The challenge arose after Monserrate got in a scrap with his girlfriend, who later emerged from a hospital with 20 stitches closing a wound on her face. Felony assault charges were brought against the lawmaker. Those charges are the basis of the resolution that will be introduced by Senator Martin Golden, a Brooklyn Republican seeking to block Monserrate's admission to the senate.
Democrats, who sorely need Monserrate's vote in their effort to win majority control, will be urging a vote against Golden's resolution from their senate colleagues. Their argument is that Monserrate's girlfriend has told Queens District Attorney Richard Brown that the cut on her face was an accident, so there's a chance the serious charges against Monserrate will either be dismissed or reduced.
If the three renegade Democrats, two of whom are Hispanics like Monserrate, vote to bring him into the senate, that will be the end of Golden's effort.
But if they decide to vote with the Republicans, perhaps to strengthen their bargaining position in the leadership control battle, then the Queens lawmaker could face a serious problem.
MARSHALL TO DELIVER STATE OF BOROUGH ADDRESS: Borough President Helen Marshall is set to deliver her annual State of the Borough address next Tuesday, January 13 at 10 a.m. in the Colden Auditiorium on the Queens College campus in Flushing.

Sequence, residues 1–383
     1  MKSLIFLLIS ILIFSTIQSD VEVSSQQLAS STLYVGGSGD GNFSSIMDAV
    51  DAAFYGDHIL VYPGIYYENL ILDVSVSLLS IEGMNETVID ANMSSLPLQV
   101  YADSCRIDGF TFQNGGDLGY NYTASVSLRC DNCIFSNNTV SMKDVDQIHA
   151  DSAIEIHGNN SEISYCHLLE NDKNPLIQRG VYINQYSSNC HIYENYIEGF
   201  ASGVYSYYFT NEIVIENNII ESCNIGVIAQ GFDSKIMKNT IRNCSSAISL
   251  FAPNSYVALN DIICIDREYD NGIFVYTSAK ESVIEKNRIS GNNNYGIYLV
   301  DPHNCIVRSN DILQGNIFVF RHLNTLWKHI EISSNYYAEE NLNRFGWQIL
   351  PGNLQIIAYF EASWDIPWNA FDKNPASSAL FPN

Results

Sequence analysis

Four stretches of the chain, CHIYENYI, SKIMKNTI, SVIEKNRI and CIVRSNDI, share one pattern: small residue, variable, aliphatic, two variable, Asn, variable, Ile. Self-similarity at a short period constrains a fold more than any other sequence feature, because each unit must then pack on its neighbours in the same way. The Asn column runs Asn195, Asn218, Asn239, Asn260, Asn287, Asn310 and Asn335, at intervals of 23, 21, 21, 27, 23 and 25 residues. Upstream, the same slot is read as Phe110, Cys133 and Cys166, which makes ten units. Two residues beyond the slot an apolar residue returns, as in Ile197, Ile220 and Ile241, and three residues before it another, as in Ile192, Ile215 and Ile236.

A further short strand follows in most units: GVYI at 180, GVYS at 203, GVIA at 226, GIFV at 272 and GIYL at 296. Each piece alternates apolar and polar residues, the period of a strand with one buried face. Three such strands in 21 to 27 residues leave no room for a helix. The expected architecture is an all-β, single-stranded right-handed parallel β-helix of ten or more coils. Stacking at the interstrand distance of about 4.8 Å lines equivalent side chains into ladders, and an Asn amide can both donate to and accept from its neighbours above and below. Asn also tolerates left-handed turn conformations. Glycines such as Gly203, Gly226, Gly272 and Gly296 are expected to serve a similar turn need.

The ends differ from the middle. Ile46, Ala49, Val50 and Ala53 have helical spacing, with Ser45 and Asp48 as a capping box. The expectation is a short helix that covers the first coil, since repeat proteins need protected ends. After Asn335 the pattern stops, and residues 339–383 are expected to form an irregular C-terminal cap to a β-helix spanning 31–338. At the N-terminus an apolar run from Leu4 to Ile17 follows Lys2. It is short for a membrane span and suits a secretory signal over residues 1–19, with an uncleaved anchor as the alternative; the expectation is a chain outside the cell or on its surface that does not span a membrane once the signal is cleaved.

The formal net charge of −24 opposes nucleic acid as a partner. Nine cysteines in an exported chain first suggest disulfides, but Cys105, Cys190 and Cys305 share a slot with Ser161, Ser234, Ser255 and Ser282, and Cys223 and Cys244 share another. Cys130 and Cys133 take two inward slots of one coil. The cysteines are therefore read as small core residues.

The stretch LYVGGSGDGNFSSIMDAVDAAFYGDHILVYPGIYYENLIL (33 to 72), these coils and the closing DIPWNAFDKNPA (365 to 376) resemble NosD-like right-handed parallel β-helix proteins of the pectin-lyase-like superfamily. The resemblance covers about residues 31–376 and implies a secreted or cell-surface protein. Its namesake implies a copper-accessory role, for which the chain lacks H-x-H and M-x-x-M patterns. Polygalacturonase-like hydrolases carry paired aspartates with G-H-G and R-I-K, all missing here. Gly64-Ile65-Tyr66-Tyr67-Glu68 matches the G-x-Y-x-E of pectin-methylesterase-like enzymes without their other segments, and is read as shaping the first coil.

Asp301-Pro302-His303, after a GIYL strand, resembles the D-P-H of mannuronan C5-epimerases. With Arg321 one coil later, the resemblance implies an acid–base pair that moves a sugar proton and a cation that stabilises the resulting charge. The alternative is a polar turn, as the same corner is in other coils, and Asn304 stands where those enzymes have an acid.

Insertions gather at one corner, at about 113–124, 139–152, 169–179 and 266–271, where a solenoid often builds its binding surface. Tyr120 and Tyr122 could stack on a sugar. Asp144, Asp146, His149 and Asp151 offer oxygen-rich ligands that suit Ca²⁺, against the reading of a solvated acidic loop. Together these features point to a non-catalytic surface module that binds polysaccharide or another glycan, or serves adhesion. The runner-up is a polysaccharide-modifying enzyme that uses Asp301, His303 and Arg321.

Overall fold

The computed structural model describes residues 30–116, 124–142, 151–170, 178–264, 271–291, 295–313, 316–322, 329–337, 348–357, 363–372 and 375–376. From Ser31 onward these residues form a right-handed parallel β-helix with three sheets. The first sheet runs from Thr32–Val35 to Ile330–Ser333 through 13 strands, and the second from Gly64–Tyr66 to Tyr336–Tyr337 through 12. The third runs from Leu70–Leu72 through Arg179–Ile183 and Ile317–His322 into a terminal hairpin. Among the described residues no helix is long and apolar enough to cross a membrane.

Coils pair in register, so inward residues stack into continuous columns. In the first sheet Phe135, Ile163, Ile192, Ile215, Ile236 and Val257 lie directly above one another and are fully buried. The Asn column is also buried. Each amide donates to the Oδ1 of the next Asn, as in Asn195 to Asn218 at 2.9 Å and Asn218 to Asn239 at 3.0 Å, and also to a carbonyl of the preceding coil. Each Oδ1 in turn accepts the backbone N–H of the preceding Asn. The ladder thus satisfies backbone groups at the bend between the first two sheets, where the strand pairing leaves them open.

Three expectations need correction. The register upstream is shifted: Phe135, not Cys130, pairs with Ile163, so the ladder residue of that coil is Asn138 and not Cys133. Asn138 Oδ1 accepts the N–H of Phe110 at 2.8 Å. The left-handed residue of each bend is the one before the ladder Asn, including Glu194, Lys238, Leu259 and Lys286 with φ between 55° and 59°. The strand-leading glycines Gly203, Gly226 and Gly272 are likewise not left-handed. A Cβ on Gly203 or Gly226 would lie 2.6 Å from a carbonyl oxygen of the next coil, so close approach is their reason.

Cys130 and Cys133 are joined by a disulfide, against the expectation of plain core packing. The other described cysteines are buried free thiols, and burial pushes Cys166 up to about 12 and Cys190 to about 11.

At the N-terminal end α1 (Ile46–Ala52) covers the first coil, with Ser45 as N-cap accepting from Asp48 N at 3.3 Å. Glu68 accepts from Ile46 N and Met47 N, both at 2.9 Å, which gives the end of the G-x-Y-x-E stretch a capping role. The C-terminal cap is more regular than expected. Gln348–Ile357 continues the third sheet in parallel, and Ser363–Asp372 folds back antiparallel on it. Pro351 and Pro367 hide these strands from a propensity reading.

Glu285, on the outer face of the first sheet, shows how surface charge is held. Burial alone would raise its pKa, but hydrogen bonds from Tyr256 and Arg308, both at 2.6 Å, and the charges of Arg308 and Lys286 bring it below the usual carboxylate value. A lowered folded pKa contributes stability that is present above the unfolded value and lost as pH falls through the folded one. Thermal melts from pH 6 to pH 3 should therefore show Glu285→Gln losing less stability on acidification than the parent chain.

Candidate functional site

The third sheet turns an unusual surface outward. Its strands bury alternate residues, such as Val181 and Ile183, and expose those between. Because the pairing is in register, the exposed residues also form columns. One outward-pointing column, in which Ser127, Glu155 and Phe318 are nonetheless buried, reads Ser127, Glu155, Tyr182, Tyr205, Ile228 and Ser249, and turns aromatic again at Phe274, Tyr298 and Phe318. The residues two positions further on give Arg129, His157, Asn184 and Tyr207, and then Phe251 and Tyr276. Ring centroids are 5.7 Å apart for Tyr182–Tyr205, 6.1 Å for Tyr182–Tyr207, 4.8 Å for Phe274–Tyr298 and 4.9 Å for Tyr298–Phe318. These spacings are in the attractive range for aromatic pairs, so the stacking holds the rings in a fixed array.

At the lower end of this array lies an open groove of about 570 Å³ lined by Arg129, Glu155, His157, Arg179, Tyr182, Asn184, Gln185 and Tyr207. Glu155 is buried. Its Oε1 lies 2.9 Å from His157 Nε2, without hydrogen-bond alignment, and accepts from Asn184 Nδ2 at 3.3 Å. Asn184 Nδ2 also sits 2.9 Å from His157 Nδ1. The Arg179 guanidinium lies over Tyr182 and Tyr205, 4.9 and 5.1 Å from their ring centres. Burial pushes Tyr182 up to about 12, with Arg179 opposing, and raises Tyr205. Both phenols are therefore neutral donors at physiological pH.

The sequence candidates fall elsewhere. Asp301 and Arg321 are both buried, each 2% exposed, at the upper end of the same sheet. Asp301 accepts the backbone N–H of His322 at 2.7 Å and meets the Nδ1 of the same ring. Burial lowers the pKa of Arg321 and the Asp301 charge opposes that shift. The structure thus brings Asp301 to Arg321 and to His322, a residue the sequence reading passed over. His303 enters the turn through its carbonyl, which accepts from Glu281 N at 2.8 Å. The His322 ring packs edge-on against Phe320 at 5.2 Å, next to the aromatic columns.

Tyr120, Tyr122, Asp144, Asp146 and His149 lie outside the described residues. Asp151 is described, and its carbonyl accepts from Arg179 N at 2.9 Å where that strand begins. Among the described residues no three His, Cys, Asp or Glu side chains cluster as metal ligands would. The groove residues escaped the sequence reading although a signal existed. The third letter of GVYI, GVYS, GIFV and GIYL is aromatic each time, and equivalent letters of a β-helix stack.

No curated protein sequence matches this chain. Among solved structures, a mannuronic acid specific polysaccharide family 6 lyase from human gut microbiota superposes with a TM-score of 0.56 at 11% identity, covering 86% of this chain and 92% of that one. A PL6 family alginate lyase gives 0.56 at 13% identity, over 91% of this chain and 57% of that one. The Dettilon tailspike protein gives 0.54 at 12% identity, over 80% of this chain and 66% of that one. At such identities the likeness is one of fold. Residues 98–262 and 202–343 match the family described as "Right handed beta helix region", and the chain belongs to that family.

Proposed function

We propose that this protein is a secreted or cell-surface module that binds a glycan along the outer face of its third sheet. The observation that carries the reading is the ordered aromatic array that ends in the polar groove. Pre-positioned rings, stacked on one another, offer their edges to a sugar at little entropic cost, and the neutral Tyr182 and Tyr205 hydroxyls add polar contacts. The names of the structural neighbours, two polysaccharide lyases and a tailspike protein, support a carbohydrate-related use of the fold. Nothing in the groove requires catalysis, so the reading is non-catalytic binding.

SPECIAL ELECTIONS FOR 3 COUNCIL SEATS: Mayor Michael Bloomberg has announced that special elections to fill three City Council vacancies will be held on Tuesday, February 24.
Hiram Monserrate's 21st Council District post in Jackson Heights/Corona, Councilmember Joseph Addabbo's 32nd District seat in Ozone Park/Howard Beach, and Staten Island Councilmember Michael McMahon's 49th Council District seat will become vacant. Monserrate and Addabbo were elected state senators and McMahon was elected to Congress to replace Vito Fossella. All three councilmembers are Democrats. Victors for all three seats in the special elections will serve until December 2009.